It says that I have an obsession with Christmas, I love musicals and violence is fun.  It says I like Kevin Costner, Tom Hanks, Arnold Schwarzenegger and Rizzo the Rat i.e. I don’t have a type.  Therefore, my favourite all-time film would be a violent musical about Christmas, starring the thinking woman’s beefcake rodent.

*A word used deliberately to dispel the scurrilous rumour that my readers are all better read than I am.

**Not as nutty as it sounds; there’s not much in there.

***I use inverted commas because I’m quoting from the book.  I’m not sure in this pc world of ours if this term is still in use; though I have to say this is one time I’m in favour of political correctness because it’s a horrible way to describe someone.  If anyone knows another term, I’d appreciate you leaving a comment letting me know, and I’ll change it.

****Not quite: I desperately wanted to include Scrooged but a Top Ten stretched to sixteen and starring four Christmas films was a step too far, I’m afraid.  Carol Kane’s kicking fairy will have to go on another list: Mythical Film Creatures or, Why I Don’t Have Any Friends.

Now tell me about your favourite movies, please.  I’d love to know, in case I missed a good ‘un.  And what do you think your list says about you?

Joke 595

8 Nov

From ajokeaday.com.

Password (game show)

Password (game show) (Photo credit: Wikipedia)

Fifteen things we wouldn’t know if it wasn’t for the movies

1. The ventilation system of any building is the perfect hiding place. No one will ever think of looking for you in there, and you can travel to any other part of the building you want without difficulty.

2. You’re very likely to survive any battle in any war unless you make the mistake of showing someone a picture of your sweetheart back home.

3. Should you wish to pass yourself off as a German officer, it is not necessary to speak the language. A German accent will do.

4. A man will show no pain while taking the most ferocious beating but will wince when a woman tries to clean his wounds.

5. If staying in a haunted house, women must investigate any strange noises in their most diaphanous underwear, which is just what they happened to be carrying with them at the time the car broke down.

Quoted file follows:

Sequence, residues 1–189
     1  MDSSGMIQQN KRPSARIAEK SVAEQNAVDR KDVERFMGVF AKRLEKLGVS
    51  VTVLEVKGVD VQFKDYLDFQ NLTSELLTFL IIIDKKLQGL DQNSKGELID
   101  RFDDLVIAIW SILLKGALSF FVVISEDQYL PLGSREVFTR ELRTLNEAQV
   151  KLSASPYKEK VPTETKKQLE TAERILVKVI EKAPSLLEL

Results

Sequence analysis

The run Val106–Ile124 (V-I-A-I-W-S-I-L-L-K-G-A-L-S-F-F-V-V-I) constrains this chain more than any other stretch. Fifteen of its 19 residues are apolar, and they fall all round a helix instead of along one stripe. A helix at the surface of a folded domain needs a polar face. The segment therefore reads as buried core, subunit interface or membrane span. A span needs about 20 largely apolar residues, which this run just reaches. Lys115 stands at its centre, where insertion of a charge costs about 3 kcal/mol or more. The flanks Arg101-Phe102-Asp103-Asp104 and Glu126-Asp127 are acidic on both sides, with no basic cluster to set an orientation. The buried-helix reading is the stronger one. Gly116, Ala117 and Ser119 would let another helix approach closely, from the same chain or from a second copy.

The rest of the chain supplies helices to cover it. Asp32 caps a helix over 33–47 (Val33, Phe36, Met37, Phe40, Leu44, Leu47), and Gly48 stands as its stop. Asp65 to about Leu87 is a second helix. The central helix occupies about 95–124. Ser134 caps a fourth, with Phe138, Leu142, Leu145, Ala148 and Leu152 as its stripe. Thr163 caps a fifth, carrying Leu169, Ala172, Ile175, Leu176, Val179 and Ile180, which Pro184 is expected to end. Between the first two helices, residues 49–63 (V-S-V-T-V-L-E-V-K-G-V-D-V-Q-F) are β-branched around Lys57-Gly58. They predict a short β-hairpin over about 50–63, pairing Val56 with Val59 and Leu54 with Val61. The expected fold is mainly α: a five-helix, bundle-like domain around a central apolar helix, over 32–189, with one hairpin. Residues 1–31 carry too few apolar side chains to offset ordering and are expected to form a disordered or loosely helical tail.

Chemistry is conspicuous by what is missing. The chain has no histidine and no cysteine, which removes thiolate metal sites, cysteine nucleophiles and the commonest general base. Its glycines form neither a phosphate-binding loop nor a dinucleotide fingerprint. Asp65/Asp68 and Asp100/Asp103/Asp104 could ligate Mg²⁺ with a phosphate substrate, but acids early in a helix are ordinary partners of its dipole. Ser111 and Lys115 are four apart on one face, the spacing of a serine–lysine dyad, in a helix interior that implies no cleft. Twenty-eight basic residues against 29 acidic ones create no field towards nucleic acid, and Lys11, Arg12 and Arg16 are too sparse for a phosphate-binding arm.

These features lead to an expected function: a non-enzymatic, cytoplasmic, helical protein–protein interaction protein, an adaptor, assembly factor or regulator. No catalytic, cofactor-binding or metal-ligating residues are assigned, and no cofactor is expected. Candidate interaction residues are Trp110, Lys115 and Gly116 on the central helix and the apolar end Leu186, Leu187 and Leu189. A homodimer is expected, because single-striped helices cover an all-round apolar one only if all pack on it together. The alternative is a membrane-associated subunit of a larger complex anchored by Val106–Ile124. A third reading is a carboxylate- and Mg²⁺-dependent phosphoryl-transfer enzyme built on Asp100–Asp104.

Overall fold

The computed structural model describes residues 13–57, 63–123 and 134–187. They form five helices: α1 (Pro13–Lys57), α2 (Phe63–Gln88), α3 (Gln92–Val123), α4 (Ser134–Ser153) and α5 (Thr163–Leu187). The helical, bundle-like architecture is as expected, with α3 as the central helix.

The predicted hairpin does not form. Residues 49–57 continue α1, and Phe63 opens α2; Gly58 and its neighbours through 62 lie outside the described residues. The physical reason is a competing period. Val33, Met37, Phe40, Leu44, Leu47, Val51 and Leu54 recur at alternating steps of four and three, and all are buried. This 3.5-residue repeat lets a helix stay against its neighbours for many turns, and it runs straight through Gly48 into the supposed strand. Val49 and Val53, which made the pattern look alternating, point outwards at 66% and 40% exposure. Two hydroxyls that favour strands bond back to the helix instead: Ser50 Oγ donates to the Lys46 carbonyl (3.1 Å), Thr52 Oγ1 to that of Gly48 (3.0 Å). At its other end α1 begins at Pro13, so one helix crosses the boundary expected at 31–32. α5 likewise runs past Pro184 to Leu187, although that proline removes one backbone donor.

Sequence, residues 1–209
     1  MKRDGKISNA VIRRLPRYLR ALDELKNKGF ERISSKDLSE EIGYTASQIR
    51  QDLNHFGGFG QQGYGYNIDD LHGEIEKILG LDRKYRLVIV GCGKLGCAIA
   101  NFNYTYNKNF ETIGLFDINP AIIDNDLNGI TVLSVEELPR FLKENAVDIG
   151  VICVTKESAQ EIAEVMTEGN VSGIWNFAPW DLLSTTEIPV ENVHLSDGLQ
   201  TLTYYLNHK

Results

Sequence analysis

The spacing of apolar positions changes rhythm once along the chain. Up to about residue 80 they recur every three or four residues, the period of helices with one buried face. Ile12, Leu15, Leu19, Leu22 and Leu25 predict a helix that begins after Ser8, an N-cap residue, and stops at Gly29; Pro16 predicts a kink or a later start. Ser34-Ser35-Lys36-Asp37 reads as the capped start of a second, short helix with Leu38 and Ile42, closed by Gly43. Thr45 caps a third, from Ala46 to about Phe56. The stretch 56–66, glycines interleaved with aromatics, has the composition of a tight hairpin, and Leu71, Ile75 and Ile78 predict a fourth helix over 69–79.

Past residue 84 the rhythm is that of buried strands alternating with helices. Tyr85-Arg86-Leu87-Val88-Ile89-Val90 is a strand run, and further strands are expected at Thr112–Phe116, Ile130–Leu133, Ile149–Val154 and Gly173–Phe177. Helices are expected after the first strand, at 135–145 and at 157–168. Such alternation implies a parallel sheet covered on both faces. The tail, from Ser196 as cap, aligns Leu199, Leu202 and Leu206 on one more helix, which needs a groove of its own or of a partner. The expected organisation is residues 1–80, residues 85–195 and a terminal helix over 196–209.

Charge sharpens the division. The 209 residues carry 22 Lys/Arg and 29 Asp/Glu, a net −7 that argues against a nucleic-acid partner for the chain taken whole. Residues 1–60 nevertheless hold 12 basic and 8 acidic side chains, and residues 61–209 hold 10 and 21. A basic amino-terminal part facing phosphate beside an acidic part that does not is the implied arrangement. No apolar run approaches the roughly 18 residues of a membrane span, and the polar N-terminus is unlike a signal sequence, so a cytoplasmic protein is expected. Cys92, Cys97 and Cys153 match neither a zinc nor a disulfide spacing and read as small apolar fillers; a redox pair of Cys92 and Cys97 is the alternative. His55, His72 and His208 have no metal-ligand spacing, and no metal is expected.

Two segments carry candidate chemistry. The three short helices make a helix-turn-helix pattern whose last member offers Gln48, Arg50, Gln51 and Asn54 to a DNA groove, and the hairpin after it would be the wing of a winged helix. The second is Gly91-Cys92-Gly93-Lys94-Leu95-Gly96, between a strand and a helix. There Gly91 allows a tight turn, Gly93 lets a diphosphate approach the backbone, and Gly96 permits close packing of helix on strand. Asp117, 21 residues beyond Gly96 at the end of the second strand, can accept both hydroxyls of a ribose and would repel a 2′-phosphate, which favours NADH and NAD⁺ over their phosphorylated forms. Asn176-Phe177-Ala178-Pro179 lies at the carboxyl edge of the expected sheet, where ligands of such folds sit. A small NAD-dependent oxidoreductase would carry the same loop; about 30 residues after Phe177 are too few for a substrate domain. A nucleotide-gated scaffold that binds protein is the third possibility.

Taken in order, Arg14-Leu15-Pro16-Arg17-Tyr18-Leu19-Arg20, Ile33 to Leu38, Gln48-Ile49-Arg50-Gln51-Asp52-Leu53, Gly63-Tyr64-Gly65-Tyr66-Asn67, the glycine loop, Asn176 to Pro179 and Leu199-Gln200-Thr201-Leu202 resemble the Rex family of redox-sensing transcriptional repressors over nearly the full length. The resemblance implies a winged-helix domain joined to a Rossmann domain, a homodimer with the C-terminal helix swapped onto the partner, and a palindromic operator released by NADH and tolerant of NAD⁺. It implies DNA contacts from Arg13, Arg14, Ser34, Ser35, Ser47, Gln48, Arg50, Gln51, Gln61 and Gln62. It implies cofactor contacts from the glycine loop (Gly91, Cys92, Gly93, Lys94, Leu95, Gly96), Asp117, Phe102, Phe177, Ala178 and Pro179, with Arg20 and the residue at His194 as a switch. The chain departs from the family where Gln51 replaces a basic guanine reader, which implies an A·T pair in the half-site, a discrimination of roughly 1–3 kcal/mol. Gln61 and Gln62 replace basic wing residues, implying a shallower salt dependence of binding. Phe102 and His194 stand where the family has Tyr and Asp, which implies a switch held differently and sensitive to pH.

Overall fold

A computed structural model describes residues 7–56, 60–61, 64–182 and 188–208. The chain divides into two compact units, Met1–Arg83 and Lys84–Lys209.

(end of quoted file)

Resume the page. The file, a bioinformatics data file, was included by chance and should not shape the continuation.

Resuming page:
6. If a large pane of glass is visible, someone will be thrown through it before long.

7. If someone says, “I’ll be right back”, they won’t.

8. Computer monitors never display a cursor on screen but always say: Enter Password Now.

9. It is not necessary to say hello or goodbye when beginning or ending phone conversations. And none of your friends have to knock when they come for a visit.

10. Even when driving down a perfectly straight road, it is necessary to turn the steering wheel vigorously from left to right every few moments.

11. All bombs are fitted with electronic timing devices with large red readouts so you know exactly when they’re going to go off.

12. A detective can only solve a case once he has been suspended from duty.

13. If you decide to start dancing in the street everyone around you will automatically be able to mirror all the steps you come up with and hear the music in your head.

14. Police departments give their officers personality tests to make sure they are deliberately assigned a partner who is their total opposite.

15. When they are alone, all foreigners prefer to speak English to each other.

And one that I noticed myself: no matter how large the house in which a single person lives, guests always sleep on the couch.

Joke 406

3 May
Diagram showing the major parts of a modern in...

Diagram showing the major parts of a modern incandescent light bulb. Glass bulb Inert gas Tungsten filament Contact wire (goes to foot) Contact wire (goes to base) Support wires Glass mount/support Base contact wire Screw threads Insulation Electrical foot contact (Photo credit: Wikipedia)

Find more movie jokes here.

How many A-List actors does it take to screw in a light bulb?

One: they hold it up and the world revolves around them.

How many studio executives does it take to screw in a light bulb?

We don’t know. Light bulbs last longer than studio executives.

How many screenwriters does it take to screw in a light bulb?

The bulb is IN and it’s staying IN!

Joke 345

3 Mar

FromWill & Guy.

Unexpected Knowledge Gained From the Movies

  • During all police investigations it will be necessary to visit a strip club at least once.
  • All grocery shopping bags contain at least one stick of French bread.
  • The Eiffel Tower can be seen from any window in Paris.
  • Even when driving down a perfectly straight road, it is necessary to turn the steering wheel vigorously from left to right every few moments.
  • When you turn out the light to go to bed, everything in your bedroom will still be clearly visible, just slightly bluish.
  • A wall light switch will turn off every lamp in the room.
  • All beds have special L-shaped cover sheets that reach up to the armpit level on a woman but only to waist level on the man lying beside her.
  • Should you decide to defuse a bomb, don’t worry about which wire to cut. You will always choose the right one.